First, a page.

Most of the glass panes we see today in all their applications are float (from the English word floating). In fact, glass is named after the process required to manufacture it. The raw materials – such as silica sand, soda ash, lime, potash and recycled glass – are melted together in a furnace. The molten glass composition is poured into a molten tin chamber. Since glass is lighter than tin, it floats on top, forming a uniform layer on the surface. The glass is then subjected to a cooling process during which it is stabilized and hardened.


The main properties of transparent float glass include:

High light transmittance: the most remarkable advantage of float glass is its smooth, clean surface, without streaks or bubbles. Its light transmission rate is usually around 85-90%.

Chemical inertness: transparent float glass is chemically non-reactive and impermeable, so it is suitable for applications involving contact with other substances such as food and beverages. So glass is an inert, non-porous material.

Recyclable: transparent float glass can be recycled many times, so it is environmentally friendly.

Durability: Clear float glass can be chemically toughened to achieve greater hardness and scratch resistance.

Due to its strength and excellent clarity, transparent float glass is a common type of glass for windows and glass containers, especially in the food and beverage industry. The most popular form of transparent float glass is soda lime glass, named after its greenish tint. This type of glass makes up about 90% of all manufactured glass. Clear glass is also a preferred recycled material because it can be melted and softened repeatedly without losing its integrity. The resistance to bending fracture has the following rates:
40 Newton/mm2 (= 40MPa) for ordinary glass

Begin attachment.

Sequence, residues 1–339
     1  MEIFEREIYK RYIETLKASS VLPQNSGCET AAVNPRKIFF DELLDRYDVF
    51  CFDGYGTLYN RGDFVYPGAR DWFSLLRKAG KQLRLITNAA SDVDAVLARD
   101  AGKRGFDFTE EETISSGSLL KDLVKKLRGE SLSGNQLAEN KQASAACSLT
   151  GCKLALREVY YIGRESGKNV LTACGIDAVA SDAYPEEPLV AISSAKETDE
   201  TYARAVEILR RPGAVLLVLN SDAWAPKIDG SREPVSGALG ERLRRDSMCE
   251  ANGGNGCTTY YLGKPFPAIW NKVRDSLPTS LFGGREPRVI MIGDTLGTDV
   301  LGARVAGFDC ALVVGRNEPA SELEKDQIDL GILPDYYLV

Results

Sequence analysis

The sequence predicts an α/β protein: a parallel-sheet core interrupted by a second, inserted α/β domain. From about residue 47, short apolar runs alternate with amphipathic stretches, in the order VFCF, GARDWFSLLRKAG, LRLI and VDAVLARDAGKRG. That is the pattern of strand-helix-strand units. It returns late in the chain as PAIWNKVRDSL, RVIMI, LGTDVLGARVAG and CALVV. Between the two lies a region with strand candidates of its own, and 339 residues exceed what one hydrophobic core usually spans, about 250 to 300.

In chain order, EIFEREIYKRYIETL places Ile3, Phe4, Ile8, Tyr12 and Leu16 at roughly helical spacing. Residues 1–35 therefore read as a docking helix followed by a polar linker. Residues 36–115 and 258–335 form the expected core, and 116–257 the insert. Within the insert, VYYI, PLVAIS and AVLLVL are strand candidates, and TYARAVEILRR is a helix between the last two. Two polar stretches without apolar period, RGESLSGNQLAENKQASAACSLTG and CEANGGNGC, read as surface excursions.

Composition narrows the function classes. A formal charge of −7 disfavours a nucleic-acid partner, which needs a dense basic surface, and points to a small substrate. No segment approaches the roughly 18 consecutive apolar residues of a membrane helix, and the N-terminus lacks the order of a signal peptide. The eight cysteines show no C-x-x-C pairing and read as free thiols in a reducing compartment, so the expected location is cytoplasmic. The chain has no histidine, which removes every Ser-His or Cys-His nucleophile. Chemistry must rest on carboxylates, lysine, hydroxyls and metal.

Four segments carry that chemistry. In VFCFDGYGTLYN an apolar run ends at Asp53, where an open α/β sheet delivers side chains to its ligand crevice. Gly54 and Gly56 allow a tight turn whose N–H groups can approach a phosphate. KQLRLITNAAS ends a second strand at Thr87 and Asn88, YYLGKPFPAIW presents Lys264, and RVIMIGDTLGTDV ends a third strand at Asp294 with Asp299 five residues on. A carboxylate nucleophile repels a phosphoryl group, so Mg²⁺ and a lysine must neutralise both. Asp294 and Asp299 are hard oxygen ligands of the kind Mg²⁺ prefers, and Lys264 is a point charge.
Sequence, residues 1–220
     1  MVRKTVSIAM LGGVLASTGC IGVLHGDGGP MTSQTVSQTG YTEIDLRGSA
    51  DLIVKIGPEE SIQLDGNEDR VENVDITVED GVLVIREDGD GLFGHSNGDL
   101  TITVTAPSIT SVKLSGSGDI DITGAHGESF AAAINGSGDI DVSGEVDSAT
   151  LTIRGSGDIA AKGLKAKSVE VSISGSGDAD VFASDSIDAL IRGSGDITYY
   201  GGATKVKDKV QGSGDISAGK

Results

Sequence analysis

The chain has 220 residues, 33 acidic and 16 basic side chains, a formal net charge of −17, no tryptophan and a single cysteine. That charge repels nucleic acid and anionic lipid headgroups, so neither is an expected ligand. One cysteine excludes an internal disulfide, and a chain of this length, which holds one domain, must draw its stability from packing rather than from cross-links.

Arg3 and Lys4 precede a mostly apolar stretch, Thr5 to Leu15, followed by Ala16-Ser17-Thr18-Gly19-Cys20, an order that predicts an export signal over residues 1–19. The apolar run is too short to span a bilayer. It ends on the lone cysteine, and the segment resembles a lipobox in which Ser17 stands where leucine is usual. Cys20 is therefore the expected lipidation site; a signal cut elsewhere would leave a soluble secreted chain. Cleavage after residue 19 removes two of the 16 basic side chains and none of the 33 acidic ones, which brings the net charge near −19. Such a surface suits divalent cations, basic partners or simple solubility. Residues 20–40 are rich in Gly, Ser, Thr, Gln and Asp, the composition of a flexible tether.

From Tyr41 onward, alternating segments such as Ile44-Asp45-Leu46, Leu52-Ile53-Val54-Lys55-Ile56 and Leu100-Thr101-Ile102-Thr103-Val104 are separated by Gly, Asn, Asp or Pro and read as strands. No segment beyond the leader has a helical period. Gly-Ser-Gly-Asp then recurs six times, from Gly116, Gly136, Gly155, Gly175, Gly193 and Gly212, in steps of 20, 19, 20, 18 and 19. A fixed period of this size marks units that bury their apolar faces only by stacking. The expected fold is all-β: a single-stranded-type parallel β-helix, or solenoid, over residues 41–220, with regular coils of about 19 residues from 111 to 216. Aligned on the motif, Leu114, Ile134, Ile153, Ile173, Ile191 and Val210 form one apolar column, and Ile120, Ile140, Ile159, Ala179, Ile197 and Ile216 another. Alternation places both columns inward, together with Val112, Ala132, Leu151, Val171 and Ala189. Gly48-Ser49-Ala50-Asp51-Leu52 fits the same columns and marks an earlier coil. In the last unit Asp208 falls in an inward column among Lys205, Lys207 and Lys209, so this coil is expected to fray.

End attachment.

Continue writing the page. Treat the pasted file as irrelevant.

120 – 200 Newton/mm2 (= 120MPa) for tempered glass, depending on its thickness, grinding, holes, notches, etc.
Elasticity: glass is a completely elastic material. It does not show permanent deformation until it breaks. But it is fragile and will break without warning if exposed to excessive tension.

Thermal characteristics

Linear expansion: expressed by a coefficient that measures the area (elongation) for a temperature difference of 1oC. This factor is generally valid for temperatures from 20 to 300 0C.
The coefficient of linear expansion of glass is:
9 X 10-6 m/mk (= 0. 009m)

A 2 m (2,000 mm) long glass exposed to a temperature rise of 30 0C will elongate by:
2 x 9 x 10-6 x 30 =0. 54 mm (half a millimetre)

Thermal Conductivity & Thermal Tension: The thermal conductivity (λ) of glass is low (λ=1. 0 W/(m. K) approximately). A natural consequence of this is that internal stresses are created when there are differences in the temperature of the glass pane between one part of the pane and another.

(This usually occurs in solar control glass and often leads to breakage due to thermal shock)


The most well-known applications of Transparent Glass are in:

  • Doors & Windows
  • Showcases
  • Glass walls
  • Bathroom cabins
  • Glass shelves
  • Internal Partitions
  • Furniture
  • Screens
  • Stairs
  • Balconies
  • Doors

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